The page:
According to the World Health Organization, approximately 180,000 deaths every year are caused by burns, with the majority occurring in low- and middle-income countries. Upon arriving at the emergency room with a burn, the patient undergoes a clinical inspection to assess both the severity of the lesion in relation to the affected area of the body and the depth of the injury (1st, 2nd or 3rd-degree burns). Based on this assessment and other considerations including bleeding and the extent of the damage, the surgical team makes a decision regarding management of the patient’s care.

However, because a wound can change its clinical characteristics in the days following the initial injury, when determining the best course of treatment clinical inspection alone has shown to be inaccurate in 30 to 50 percent of cases. Factor in the guidelines that suggest patients be followed for between 10 to 15 days before treating them with surgical intervention to allow the wound bed to heal and there is much uncertainty as to which treatment a patient will receive when they first present to the hospital.

To address this issue, researchers at McGill University’s Faculty of Medicine, working in collaboration with Universidad Autonoma de San Luis Potosi in Mexico, propose using non-invasive digital infrared thermography within the first three days of a patient suffering a burn in order to better predict the best mode of treatment. Akin to taking a picture using a special camera, the method is painless, quick to acquire and requires minimal training.

“Digital infrared thermography allows us to visualize the heat emitted by objects,” explains Dr. José Luis Ramírez García Luna, Ph.D. candidate in the Department of Experimental Surgery at McGill and the paper’s corresponding author. “In the human body, heat emission depends on blood flow to the tissues, thus it is an indirect measurement of blood perfusion to the skin or a wound bed. Previous research has shown that the temperature of the skin correlates well with blood flow to it and that there are differences in the temperature pattern of healing vs. non-healing wounds.”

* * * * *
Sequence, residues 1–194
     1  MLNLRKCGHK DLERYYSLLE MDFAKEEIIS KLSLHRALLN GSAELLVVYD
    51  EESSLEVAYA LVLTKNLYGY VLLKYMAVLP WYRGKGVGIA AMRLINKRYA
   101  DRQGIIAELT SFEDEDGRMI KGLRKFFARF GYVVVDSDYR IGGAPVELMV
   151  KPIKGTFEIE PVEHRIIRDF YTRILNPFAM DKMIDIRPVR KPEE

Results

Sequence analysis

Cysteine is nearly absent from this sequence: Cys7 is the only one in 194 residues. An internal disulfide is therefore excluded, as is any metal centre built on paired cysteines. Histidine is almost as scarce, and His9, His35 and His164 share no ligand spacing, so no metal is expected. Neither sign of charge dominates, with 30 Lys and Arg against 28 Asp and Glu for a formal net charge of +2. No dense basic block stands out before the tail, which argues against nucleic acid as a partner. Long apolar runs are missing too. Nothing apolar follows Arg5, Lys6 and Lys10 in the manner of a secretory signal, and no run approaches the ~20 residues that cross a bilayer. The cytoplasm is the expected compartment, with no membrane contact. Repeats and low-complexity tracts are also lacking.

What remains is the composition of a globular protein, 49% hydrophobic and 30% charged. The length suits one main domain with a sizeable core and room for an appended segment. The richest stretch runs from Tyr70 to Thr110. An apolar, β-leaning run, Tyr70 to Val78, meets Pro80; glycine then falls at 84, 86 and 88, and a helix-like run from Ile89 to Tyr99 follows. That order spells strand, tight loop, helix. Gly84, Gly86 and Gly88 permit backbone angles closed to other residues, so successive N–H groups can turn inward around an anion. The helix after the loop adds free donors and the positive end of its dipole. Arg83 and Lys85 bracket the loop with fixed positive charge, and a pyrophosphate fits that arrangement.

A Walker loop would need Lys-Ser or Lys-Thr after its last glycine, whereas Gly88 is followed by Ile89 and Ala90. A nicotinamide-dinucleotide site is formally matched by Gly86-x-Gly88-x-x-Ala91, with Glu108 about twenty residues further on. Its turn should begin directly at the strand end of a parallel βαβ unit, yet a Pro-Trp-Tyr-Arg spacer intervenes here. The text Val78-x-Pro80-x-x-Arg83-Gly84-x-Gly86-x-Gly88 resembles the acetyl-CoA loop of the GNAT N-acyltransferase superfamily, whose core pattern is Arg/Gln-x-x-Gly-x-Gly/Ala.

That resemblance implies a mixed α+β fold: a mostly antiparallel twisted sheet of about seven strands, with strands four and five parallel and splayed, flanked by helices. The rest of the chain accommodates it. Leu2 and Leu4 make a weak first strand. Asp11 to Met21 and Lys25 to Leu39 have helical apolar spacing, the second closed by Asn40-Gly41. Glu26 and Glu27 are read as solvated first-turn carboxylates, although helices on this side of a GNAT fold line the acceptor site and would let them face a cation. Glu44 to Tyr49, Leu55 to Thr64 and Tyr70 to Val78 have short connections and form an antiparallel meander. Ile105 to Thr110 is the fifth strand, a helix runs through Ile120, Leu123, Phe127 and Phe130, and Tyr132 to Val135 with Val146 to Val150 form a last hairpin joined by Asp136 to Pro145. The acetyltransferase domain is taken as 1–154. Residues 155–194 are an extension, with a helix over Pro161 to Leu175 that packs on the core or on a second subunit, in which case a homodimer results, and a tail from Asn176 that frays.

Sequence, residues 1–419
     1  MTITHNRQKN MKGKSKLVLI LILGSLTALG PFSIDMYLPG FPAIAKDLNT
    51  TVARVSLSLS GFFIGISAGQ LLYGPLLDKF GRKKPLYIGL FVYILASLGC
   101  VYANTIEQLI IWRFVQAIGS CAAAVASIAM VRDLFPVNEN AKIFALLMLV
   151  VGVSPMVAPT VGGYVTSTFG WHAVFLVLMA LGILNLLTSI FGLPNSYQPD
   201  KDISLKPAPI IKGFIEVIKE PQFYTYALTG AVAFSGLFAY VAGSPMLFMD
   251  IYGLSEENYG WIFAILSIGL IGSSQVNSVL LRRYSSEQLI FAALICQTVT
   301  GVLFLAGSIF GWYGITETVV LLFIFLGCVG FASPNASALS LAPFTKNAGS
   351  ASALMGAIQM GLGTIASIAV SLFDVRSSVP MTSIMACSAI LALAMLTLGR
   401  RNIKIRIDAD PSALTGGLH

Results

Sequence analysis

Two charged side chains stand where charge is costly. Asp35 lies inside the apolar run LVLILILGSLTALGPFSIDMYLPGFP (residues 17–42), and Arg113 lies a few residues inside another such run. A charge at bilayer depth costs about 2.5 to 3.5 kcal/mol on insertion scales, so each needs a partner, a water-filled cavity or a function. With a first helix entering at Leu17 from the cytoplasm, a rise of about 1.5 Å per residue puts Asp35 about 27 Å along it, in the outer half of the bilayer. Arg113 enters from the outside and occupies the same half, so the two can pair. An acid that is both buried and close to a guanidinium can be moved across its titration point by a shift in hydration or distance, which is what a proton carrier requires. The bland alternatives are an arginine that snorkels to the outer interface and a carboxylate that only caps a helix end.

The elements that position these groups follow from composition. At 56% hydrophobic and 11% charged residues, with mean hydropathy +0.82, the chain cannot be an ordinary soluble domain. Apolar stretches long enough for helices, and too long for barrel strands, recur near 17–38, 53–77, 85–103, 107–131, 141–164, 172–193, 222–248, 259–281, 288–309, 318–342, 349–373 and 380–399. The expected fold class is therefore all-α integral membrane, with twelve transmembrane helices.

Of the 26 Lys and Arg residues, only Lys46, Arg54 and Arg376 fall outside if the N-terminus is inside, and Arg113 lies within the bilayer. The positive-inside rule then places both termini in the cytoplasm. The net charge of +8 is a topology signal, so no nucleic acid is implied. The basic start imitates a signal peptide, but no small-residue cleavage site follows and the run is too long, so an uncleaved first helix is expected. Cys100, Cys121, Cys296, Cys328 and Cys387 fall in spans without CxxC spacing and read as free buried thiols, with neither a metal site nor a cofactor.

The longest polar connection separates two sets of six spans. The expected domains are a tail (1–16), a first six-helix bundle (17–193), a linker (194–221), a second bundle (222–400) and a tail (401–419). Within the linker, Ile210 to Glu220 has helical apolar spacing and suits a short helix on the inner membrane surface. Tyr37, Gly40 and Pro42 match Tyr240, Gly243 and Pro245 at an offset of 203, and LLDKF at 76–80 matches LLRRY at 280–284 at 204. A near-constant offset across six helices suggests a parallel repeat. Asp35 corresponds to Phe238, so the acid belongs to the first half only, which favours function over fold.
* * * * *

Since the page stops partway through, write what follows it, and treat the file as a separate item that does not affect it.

Predicting treatment with 90 percent accuracy

The researchers devised a clinical prediction rule for which treatment a patient with a large burn in an extremity would receive based on the thermal characteristics of the initial lesion. To obtain the thermal characteristics of the lesion, they first obtained digital thermograms with a thermal camera. They then recorded the difference in the average temperature of the burn and a patch of healthy adjacent skin.

Once the surgical team treated the patient as they normally would, after discharge the researchers categorized the treatment given as re-epithelization if the wound healed by itself, as skin graft if the patient received at least one, or as amputation if any extremity had to be removed due to extensive damage to it. Finally, using a machine learning method, they created a prediction model to categorize treatment based on the clinical data and the thermograms, discovering that the temperature difference between the healthy skin and the wound alone is enough to make the prediction. The accuracy of the prediction using their algorithm was found to be 90 percent both in the development cohort of patients, as well as in an independent validation cohort.

“We believe our method could become a useful tool for the early assessment of patients in the emergency department, as well as in the later stages of patient care to identify dead tissue, distinguish between partial and full-thickness burns and detect complications such as the presence of infection or lack of blood flow,” notes Dr. Ramírez García Luna. “In our opinion, the most relevant contribution of our method to wound care is in allowing the clinical team to rapidly and objectively determine the treatment modality that is most likely needed, thereby preventing unnecessary procedures or delays in surgery. Because this has implications in selecting which patients may benefit more from certain interventions, and which will not, it is very likely that it can be translated to lowering costs related to treatment and hospital stay, as well as in reducing the length of hospital stay for the patients.”

Source: McGill University